This title chronicles in words and pictures a five-day trip made by two Detroit Free Press journalists up the abused Rouge River in metro Detroit. There is no river quite like Detroit's Rouge River. Named by French explorers, the Rouge's moniker was borrowed by Henry Ford for his huge automobile factory at the river's mouth. The river is also home to two steel mills; cement, gypsum, and salt operations; and the largest single-unit wastewater treatment plant in the country. Although the Rouge is too polluted for public recreation and too log-jammed for a motorboat, Detroit Free Press reporter Joel Thurtell and photographer Patricia Beck decided to travel up the Rouge by canoe to explore not only the river's industrial side but also its beautiful and hidden urban wilderness. "Up the Rouge!" is the surprising and educational account of their journey, narrated by Thurtell and heavily illustrated with Beck's evocative and eclectic photographs. Thurtell and Beck logged more than sixty hours during the first week of June 2005 as they paddled their canoe up more than 27 miles of the Rouge from Zug Island at the Detroit River to Nine Mile and Beech roads in Southfield.
Though the Rouge is heavily polluted by sewage, and large sections of the 127-mile-long river have been purposely made inaccessible to the public, government agencies have spent $1.6 billion dollars trying to clean it up. Thurtell and Beck show that despite its environmental contamination, the Rouge is home to wildlife and that its very seclusion makes it a sanctuary. During their trek, the authors saw animals such as green and blue herons, snapping turtles, musk turtles, mallards, feral dogs, and the first adult female common mergansers ever recorded in summertime in Wayne County. Maps are included to help readers track their journey. "Up the Rouge!" is a story about discovery, a tale of adventure, and an informative study of the environment. The series of articles in the Detroit Free Press on which this volume is based won the 2006 Harry E. Schlenz Medal for Public Education of the Water Environment Federation. Anyone interested in environmental issues or conservation of Michigan's waterways will appreciate this unique and attractive volume.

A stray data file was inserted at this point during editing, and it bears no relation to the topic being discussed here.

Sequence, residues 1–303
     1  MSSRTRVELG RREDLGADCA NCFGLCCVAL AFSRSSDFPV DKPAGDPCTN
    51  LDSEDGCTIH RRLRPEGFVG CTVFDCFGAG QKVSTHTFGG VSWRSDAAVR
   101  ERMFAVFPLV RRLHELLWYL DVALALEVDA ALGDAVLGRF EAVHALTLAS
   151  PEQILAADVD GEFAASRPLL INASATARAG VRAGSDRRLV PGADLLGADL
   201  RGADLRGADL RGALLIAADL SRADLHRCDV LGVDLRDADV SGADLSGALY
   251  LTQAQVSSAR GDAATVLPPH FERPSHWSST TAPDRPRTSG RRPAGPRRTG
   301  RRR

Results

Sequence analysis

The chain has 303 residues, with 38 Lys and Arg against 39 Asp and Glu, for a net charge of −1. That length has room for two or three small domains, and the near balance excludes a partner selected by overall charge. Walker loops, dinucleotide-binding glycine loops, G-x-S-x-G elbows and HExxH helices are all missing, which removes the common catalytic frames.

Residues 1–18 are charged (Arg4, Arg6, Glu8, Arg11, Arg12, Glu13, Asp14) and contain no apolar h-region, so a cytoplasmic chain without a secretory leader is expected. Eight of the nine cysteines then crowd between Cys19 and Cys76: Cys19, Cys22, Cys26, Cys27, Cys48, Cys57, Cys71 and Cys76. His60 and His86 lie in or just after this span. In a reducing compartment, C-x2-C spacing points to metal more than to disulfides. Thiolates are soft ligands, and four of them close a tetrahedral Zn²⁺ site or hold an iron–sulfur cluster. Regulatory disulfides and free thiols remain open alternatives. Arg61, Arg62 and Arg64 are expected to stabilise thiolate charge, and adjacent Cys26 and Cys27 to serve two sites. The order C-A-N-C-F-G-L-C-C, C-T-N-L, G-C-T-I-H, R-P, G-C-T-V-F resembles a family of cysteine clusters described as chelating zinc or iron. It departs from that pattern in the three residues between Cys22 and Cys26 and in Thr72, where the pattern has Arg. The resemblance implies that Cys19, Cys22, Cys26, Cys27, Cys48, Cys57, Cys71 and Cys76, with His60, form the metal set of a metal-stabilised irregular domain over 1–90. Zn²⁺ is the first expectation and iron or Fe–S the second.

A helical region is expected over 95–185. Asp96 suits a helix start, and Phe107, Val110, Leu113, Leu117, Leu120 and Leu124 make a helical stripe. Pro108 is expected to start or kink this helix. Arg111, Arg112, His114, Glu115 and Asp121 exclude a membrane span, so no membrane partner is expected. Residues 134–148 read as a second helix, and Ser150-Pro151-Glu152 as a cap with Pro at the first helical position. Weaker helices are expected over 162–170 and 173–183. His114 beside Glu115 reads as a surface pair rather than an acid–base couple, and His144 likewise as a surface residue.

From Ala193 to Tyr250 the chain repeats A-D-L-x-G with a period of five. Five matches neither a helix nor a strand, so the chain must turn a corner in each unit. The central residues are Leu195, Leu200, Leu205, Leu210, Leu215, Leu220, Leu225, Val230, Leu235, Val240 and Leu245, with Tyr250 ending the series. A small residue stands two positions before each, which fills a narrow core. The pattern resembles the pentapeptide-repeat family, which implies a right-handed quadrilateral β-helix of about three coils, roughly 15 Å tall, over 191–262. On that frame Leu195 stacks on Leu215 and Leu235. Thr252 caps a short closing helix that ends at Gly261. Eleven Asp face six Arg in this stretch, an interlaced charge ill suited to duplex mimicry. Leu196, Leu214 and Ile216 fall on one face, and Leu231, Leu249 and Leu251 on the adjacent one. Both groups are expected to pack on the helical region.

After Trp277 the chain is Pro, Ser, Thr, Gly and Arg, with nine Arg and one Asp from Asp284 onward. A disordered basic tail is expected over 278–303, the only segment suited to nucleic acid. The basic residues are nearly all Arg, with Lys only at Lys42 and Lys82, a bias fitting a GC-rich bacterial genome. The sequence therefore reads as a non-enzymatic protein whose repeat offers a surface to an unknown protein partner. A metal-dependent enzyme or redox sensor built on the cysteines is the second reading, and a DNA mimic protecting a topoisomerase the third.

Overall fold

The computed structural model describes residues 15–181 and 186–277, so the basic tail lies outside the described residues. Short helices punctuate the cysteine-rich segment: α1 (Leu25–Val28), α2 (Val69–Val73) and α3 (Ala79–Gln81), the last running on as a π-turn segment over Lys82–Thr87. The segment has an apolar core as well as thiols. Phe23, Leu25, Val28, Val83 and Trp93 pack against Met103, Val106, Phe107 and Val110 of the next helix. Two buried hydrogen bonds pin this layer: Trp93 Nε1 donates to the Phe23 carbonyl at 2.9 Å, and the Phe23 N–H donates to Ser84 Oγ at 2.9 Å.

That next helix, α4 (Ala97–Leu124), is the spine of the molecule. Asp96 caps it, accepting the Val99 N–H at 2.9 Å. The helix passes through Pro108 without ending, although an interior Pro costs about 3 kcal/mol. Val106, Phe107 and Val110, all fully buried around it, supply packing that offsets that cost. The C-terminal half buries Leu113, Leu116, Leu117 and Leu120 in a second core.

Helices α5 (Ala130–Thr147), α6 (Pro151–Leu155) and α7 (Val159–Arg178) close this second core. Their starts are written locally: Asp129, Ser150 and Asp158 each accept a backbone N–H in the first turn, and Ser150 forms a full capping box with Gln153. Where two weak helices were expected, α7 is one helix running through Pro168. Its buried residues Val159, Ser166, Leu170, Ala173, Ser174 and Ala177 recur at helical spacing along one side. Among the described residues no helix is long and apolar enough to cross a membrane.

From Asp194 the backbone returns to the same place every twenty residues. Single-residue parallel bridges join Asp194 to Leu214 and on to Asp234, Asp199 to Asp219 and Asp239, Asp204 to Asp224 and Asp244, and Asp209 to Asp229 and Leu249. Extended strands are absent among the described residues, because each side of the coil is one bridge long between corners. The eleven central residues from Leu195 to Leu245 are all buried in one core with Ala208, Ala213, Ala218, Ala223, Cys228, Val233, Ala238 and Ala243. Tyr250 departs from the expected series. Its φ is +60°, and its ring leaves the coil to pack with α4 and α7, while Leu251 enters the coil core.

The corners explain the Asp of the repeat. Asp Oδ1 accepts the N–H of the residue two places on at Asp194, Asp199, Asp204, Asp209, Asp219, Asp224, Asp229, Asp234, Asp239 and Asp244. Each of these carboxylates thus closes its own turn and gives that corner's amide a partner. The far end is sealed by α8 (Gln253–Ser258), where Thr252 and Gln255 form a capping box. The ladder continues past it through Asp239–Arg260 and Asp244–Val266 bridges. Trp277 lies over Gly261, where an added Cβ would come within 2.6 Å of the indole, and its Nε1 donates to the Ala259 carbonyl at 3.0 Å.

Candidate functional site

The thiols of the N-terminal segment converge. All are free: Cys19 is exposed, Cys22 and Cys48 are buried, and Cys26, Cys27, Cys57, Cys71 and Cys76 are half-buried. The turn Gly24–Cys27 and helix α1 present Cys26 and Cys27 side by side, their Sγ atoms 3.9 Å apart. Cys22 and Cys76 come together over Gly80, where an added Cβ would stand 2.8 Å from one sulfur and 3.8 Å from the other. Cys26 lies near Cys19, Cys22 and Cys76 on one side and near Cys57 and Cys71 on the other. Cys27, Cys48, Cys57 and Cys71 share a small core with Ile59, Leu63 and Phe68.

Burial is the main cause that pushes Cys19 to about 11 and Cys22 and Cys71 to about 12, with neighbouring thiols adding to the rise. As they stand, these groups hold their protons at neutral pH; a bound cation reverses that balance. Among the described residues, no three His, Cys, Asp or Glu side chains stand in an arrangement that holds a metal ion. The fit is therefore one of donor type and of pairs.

Joel Thurtell was a news reporter for thirty years, retiring in 2007 from the Detroit Free Press. Among his awards is the Michigan Education Association's School Bell Award for his expose of corrupt financing schemes for Michigan schools. Patricia Beck has been a Detroit Free Press staff photographer since 1977. She has been honored with numerous awards, including the Robert F. Kennedy Award for Outstanding Coverage of the Problems of the Disadvantaged.